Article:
When I went to Wal-Mart to buy a noise machine to help with the train incident mentioned here, a man in a wheelchair called me over as I got out of the car. Initially, I thought he was going to ask for money, and after living in Chicago, I NEVER give money to panhandlers. To my great surprise, instead of asking for money, he said, "Would you mind picking me up some food? I live outside and would really love a bag of grapes or something." I told him I would absolutely do that for him.
As I walked through the store, my mind was filling with all of the other things I should also get him. Knowing that he is in a wheelchair and doesn't have a fridge or pantry, I decided it would be best to limit my purchases to just a couple things.
When I left the store and walked back to my car, the man was nowhere to be found and was very disappointed. I was putting his food in my car when I heard someone yelling, "I'm right here ma'am! The manager ran me off." Never mind all of the creeps inside who aren't buying a thing, let's run off the needy man in the parking lot who is politely asking for food and not harassing a single person. I gave him his bag and he was so appreciative.
This whole situation really touched me. I have offered food to panhandlers before only for them to turn it down claiming dietary restrictions or that they simply "didn't like it." Living in Chicago, I lived at a 5-points intersection where the same panhandlers would sit on their respective corner every single day, most of them with some sort of an ailment. One night, I heard a lot of commotion and saw one of the corner's regulars, who had a bum leg, drunk and fighting with two guys in a BMW only to have his son run out from the house ACROSS THE STREET and drag him home. Oh yeah, his limp appeared to have been cured too. I could go on and on with stories of terrible encounters with Chicago panhandlers (this was just a more tame tale).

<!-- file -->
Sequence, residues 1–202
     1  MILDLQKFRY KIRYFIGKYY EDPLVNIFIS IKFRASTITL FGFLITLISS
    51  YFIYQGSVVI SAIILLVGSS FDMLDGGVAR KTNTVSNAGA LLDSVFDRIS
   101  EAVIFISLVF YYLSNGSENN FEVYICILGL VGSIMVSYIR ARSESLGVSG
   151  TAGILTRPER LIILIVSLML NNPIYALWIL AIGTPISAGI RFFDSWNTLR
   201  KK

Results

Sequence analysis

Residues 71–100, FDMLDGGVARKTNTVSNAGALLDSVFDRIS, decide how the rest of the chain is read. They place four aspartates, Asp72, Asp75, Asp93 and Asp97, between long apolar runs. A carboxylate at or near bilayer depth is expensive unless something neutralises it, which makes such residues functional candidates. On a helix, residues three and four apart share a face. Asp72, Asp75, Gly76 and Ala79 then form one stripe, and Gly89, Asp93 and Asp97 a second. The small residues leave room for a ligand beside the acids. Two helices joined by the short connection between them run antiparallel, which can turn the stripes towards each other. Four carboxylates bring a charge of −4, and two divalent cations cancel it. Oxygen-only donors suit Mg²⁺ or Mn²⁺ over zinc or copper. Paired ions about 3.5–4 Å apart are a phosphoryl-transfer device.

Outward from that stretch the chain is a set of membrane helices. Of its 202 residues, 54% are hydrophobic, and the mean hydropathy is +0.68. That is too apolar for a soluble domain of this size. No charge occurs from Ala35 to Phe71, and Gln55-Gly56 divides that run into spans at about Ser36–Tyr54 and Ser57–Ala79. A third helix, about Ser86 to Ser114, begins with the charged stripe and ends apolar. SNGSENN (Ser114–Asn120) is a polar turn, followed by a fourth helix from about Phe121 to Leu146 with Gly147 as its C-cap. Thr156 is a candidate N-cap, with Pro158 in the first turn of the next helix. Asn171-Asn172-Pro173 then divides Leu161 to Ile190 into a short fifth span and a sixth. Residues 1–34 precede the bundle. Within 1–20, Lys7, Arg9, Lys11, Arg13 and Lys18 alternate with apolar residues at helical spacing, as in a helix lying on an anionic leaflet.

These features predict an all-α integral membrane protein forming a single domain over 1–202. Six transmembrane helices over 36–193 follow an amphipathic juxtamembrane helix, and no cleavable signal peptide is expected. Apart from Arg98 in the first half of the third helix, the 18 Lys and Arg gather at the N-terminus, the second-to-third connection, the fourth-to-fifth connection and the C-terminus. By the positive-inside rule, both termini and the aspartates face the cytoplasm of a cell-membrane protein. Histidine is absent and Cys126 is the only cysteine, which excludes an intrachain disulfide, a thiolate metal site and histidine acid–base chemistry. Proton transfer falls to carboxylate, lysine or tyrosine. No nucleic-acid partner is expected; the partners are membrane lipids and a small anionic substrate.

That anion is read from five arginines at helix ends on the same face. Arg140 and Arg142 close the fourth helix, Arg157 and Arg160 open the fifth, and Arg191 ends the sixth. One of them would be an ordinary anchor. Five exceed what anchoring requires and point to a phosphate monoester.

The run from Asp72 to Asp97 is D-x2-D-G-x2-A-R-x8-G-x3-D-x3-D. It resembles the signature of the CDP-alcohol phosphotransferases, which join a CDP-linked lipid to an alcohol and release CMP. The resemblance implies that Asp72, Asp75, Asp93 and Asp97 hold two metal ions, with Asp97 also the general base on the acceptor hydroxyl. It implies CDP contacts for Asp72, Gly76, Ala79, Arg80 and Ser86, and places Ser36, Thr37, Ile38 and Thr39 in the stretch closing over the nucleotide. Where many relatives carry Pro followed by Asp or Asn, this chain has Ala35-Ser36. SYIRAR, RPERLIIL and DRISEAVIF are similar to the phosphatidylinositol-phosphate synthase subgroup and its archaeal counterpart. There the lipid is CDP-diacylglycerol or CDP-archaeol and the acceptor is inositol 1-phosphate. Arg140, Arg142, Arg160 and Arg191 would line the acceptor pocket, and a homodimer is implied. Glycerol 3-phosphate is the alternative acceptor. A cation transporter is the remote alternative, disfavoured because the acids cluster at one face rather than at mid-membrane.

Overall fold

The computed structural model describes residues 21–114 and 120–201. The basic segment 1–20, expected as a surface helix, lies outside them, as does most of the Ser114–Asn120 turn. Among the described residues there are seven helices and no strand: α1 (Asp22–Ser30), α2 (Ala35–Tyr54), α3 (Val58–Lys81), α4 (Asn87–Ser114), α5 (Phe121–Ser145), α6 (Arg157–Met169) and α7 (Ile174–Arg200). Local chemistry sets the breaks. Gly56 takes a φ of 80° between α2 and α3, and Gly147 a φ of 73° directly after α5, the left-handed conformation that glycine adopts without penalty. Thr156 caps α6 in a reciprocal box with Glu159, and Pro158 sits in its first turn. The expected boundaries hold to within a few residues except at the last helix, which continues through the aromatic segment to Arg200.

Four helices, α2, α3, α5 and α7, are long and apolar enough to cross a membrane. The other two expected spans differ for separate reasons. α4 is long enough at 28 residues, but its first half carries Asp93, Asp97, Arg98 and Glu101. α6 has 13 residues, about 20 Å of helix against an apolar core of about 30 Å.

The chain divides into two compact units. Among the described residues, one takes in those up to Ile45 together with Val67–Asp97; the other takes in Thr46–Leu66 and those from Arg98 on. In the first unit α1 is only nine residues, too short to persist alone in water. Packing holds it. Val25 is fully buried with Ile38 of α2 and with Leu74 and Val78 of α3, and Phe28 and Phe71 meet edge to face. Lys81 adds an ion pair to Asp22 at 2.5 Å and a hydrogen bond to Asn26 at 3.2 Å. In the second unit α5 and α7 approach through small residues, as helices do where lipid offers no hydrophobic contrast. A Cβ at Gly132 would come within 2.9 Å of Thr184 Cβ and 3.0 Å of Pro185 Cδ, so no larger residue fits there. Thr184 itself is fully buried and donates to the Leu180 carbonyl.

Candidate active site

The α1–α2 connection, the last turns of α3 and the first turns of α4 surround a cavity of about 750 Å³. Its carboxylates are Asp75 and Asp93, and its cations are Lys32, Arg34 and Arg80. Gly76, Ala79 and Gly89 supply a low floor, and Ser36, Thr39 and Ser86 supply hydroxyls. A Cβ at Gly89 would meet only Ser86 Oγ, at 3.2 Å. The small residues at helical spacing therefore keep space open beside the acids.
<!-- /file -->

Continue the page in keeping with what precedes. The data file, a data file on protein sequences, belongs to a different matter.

There were several newspaper articles about how panhandlers would take the train in to the city from their homes in the suburbs and earn over 6 figures a year preying on the tourists. Then two days ago, I read a story about a pregnant woman in California with her young son who would panhandle and then get in their new Mercedes counting their money as they moved on to another corner.
I don't believe that all panhandlers are frauds, but unfortunately most seem to be. Houston seems to have just as many as Chicago did. They are at practically every intersection. Under I-10 by my house, you will see the same people there for about a week or so, and then a new crop will show up. Rumor has it that a group in town will hire people from the homeless shelter to stand on the corner and then take a cut of their earnings at the end of the day.
I don't really know where I am going with this post. My original idea was to crack a joke about how the man at Wal-Mart was a genius and that maybe I should start grocery shopping that way (it just might get weird when I request things like a 20 lb turkey), but this has obviously taken a turn.
During this sudden cold front, all I can think about is that man. I hope he has somewhere warm to sleep. I hope he is a good, honest man who is just down on his luck and will find help soon. Mostly, I just hope I haven't been conned once again so I can restore a little faith in humanity.
Thanks for indulging me. Sorry this wasn't funny.